Re-issue! Re-package! Re-package! Re-evaluate the songs… Slip them into different sleeves, buy both and feel deceived? It’s not everyday an electronic artist names a record after a quote from a Smiths song, but it’s a pretty good way to put the cards on the table, upfront. This is not all-new material from Toaster, but is the union of two EPs from 2010 and a couple of bonus tracks. I’m not sure how many downloads Toaster sold of the initial releases but it’s probably not too big a leap to suggest that there is still a market out there for this collection, who don’t already have the Vacation and Fuck You, Hippie releases. Even if they did, the equivalent of the ‘extra track and a tacky badge’ comes in the shape of some twenty minutes of fresh music in the shape of “Adroit” and “Assumption”.
Toaster’s line of electronic music-making drifts between the atmospheric, ambient drift of “Are You Going To Kiss Me” and the pacier beats and old school feel of “Speaker’s Valise”, with much of the middle ground also covered. The tracks vary considerably in terms of feel and sound, and not just because they are plucked from different sources in the shape of original releases. It is often hard to discern an original voice for Toaster; just when one has got the hang of him as a fine purveyor of creepy moods, he throws in a bright and breezy diversion, which spoils the moment. Although it’s easy enough to listen to the album without ticking off a checklist of possible influences, it is a struggle to ascertain what the aim of Buy Both and Feel Deceived is.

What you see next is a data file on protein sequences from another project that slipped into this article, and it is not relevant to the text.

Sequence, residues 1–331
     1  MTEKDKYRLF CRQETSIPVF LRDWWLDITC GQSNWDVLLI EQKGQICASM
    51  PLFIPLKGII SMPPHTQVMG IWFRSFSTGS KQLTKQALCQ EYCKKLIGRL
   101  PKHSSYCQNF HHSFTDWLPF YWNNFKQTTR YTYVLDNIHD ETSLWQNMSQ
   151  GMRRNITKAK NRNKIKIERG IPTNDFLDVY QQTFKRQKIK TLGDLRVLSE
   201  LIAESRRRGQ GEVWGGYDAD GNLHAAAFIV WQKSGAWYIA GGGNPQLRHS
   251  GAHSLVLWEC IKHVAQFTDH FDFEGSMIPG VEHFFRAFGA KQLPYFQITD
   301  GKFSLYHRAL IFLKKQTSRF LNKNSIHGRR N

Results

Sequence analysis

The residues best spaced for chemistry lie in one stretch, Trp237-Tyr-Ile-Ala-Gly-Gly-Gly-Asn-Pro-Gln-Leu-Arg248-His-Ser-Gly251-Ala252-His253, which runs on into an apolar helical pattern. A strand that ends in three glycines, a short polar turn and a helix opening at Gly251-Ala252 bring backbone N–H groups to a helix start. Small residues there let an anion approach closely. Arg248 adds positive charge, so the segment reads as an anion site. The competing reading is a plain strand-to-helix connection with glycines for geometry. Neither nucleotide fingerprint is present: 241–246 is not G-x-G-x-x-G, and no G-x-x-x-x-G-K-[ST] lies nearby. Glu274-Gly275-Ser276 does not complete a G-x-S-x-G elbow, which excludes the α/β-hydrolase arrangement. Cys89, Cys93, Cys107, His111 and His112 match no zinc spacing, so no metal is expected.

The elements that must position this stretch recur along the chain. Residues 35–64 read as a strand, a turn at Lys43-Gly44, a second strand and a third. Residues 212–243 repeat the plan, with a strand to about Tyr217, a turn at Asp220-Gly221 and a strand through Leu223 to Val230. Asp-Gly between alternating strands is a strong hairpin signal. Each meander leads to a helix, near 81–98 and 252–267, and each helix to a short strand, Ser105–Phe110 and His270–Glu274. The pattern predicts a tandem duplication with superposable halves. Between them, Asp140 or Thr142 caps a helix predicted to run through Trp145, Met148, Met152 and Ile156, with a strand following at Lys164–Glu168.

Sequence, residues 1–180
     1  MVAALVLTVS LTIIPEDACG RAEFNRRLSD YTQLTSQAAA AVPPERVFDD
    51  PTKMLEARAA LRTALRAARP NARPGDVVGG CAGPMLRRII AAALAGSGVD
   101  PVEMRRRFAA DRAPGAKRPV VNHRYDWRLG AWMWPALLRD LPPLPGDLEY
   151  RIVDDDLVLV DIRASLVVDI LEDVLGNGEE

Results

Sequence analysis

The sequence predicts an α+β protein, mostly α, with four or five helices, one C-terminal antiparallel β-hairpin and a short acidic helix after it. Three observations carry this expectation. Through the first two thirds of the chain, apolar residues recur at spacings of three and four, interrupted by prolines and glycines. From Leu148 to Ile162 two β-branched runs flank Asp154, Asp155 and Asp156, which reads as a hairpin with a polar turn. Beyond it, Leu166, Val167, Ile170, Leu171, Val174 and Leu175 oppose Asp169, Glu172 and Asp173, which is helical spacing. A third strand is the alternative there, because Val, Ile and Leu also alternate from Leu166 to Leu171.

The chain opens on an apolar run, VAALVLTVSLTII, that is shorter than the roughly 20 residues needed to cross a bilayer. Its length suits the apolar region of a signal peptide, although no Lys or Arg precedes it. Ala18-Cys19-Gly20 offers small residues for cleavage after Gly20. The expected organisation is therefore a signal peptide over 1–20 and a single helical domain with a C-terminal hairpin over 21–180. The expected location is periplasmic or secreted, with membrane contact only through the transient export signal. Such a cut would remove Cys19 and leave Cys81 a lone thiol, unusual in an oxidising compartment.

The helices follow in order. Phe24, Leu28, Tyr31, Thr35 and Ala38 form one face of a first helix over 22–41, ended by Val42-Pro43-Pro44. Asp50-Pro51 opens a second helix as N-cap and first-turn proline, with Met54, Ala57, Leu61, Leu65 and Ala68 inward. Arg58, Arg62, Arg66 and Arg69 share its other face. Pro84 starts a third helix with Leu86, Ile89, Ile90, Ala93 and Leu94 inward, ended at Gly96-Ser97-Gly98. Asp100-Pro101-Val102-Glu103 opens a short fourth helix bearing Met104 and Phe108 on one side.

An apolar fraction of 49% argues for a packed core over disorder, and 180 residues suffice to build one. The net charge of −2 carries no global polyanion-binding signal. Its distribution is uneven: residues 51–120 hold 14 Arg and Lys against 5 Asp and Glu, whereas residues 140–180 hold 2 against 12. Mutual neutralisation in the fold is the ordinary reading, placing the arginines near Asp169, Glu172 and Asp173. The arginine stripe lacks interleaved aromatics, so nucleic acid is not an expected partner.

Here’s the nub of the matter; whilst Toaster has produced some strong individual tracks, they don’t necessarily sit together well enough to make a powerful statement of intent across a CD-length release. In fact, it’s almost tempting to split the tracks up to make fresh, bespoke EP length releases – and, crucially, these would have no bearing on the original EPs either, for it would appear that the problems with this album are just the issues with the initial releases, only magnified across the longer format. This is a flawed introduction to an artist who at this stage still seems to be finding his own sound; and yet there’s plenty of promise herein. It’s the beatless, atmospheric tracks that work best, particularly the lengthy closer “Assumption”, and an album of that style would definitely be worth investigating. For now… well maybe, you just haven’t earned it yet baby. (Jeremy Bye)